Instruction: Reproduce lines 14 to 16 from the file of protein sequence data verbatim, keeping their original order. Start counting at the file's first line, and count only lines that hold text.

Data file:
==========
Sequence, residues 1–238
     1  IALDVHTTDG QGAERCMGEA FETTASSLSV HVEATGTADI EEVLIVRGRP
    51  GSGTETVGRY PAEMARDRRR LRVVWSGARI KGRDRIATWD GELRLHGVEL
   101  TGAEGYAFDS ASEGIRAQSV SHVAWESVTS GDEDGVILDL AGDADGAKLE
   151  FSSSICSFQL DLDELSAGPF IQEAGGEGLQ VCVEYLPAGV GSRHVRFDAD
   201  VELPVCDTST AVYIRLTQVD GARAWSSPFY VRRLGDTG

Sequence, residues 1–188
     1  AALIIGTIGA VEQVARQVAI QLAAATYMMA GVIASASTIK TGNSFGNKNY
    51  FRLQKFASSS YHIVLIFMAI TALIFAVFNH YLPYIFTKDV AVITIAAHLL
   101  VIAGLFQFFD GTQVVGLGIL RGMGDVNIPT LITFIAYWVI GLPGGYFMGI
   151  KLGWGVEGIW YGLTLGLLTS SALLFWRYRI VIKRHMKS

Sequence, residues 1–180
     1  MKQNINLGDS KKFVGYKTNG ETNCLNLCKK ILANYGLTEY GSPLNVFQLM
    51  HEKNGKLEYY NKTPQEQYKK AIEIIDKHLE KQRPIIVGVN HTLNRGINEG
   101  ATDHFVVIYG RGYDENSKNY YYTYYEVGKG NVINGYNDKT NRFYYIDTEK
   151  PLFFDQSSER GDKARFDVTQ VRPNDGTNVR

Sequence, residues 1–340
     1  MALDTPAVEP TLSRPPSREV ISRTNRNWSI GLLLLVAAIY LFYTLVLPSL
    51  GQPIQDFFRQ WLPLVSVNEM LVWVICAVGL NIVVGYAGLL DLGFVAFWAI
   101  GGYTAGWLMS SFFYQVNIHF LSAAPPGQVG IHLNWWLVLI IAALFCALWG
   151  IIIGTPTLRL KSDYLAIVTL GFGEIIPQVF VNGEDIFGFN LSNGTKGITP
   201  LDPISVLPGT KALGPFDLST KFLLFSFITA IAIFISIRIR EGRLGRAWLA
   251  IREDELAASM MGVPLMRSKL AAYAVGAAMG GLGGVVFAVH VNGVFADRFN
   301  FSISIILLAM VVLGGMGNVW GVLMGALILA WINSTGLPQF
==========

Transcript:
    51  HEKNGKLEYY NKTPQEQYKK AIEIIDKHLE KQRPIIVGVN HTLNRGINEG
   101  ATDHFVVIYG RGYDENSKNY YYTYYEVGKG NVINGYNDKT NRFYYIDTEK
   151  PLFFDQSSER GDKARFDVTQ VRPNDGTNVR